The Ladies of Horror
Picture-Prompt Writing Challenge!
About My Mum
by Marge Simon
When I was a wee baby, Mum left me on a railroad track because my crying hurt her head.
I was quieted by the vibrations of the trestles until far off came the train horn, a tiny light in the morning mist, drawing closer. Mum went off in a bad mood and swung an axe at several neighbors, but they were used to her weird behavior. When the train wheels came in a thunderation of passage, my wails were not a part of it. A man had pulled me off in time. Not realizing what she’d done, he found my Mum and gave me back into her arms. She never tried that again, but there were other things.
She would have me brush her amber hair that grew down past her shoulders. It was like a live thing, like a Medusa of stubborn coils. If the brush caught in a snag, quick as a viper, her fist would lay me flat. I dared not stand up to her.
She was a jealous wife. When she thought she saw lipstick on Daddy’s shirt, she stabbed him many times. Then she removed his skin and hung it up to dry in the laundry room. Later, she chopped up his buttocks and cooked them as steak in a pot with carrots, onions, thyme and cabbage. His head was found boiled in a lidded pot and still warm, according to officials. After serving dinner, she took some pills and slept, doubtless a tower of former lovers in her dreams, their bloodless bodies pale as bone.
While Mum slept, I started cleaning up and happened to see what was in the lidded pot. I called the cops and was already gone by the time they arrived. Now I’m riding the rails in a boxcar, maybe the very same train that almost sealed my fate so long ago. Yeah, I know she wasn’t much of a Mum. But what really pisses me off is I can’t get the taste of Daddy’s keester out of my mouth.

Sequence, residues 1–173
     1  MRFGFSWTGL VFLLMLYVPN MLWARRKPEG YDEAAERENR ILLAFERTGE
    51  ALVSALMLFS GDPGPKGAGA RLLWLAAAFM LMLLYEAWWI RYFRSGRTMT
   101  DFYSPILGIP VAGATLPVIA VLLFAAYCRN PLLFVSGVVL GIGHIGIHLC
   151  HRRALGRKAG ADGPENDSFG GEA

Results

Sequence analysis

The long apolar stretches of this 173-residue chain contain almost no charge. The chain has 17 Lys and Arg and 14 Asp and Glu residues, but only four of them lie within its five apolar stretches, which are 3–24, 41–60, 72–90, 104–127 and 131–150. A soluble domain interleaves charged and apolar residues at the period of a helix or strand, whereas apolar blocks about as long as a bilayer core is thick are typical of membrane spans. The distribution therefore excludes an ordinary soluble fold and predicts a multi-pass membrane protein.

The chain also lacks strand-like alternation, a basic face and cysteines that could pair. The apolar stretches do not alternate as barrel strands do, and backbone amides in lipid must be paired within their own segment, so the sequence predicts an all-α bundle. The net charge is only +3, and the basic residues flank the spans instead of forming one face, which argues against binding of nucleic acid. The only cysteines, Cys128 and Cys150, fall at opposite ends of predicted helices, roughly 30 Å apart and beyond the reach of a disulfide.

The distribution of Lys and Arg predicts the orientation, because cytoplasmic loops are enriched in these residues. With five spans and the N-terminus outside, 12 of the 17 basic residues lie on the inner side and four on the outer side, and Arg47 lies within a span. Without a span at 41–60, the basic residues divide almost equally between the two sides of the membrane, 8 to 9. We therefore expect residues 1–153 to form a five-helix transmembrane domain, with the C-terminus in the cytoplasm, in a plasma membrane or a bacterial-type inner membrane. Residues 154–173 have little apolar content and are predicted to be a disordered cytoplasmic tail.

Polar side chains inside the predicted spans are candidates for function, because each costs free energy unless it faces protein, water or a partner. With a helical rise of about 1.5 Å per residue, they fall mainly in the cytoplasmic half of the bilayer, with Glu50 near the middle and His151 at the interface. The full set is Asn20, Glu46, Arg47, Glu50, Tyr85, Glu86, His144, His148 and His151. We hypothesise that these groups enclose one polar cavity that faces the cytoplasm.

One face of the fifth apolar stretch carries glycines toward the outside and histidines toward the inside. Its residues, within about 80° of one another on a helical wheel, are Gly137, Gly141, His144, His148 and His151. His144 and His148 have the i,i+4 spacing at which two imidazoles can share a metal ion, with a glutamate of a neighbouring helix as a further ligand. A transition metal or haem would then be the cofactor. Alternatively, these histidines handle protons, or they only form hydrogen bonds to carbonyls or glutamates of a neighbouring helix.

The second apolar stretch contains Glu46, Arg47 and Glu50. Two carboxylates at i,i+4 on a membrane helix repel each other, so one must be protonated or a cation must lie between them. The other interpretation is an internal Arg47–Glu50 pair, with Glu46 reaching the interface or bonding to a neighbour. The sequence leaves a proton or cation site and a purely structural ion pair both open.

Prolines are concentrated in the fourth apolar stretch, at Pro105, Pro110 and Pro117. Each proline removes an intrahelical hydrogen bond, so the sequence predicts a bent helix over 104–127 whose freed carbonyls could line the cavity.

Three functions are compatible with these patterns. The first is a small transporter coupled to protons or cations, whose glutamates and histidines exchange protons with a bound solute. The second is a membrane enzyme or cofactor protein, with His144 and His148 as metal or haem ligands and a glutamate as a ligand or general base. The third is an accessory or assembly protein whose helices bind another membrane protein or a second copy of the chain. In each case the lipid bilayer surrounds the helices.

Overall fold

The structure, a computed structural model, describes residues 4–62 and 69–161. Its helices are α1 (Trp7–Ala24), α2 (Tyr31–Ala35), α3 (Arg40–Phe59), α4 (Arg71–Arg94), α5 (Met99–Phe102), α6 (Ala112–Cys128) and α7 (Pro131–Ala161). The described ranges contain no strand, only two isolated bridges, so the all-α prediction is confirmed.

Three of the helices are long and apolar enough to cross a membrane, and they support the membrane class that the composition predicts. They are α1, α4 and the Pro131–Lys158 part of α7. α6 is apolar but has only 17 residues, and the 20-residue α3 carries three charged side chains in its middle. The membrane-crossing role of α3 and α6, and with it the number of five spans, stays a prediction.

Fiction © Copyright Marge Simon
Image courtesy of Pixabay.com
More from Marge Simon:
The title of this collection sets you up for the surprise of lyrical stories of victimizations with unexpected endings for the villains. Be ready to have your heart opened and cheer for perceived victims, human (made and unmade) and other life forms, victorious in the hands of these two award-winning poets. —Linda D. Addison, award-winning author, HWA Lifetime Achievement Award recipient and SFPA Grand Master.
Across histories and cultures and from Auschwitz to Babylon this book leaves you questioning who are the victims, and regardless of your conclusion you’re likely to get throat-punched. This is horror where everyone has a knife, and is ready to deliver this message: “Remember, you are always guilty. —Herb Kauderer, author of Fragments from the Book of the After-Dead.
Simon and Turzillo have only gone and startled me again. What a collection! Brutal. Beautiful. This quiver of poems strikes with the unflinching truth of persecution and oppression as seen through the lens of feminism. Prepare to come away bruised and yet strangely bolstered by Victims, a symphony of sadness orchestrated by two masters of dark poetry. —Lee Murray, Bram Stoker and Shirley Jackson Award-winner.
This is one of the braver dark poetry collections I’ve seen in a while. Horror poets generally employ victims in their work, but the focus is generally on the Evil. Turning the camera the other way is unusual, unsettling, emotionally risky, and surprisingly effective. From their stark opening take on Pygmalion, to the ending poem about the wasted life of Stateira of Persia, this powerful collection teases apart an impressive number of the threads of victimhood. Some are the usual cases, but quite a few are surprises, or reversals, or cases with unexpected layers. There is nothing repetitive about this collection. —Timons Esaias, winner of the Asimov’s Readers’ Award and the Winter Anthology Contest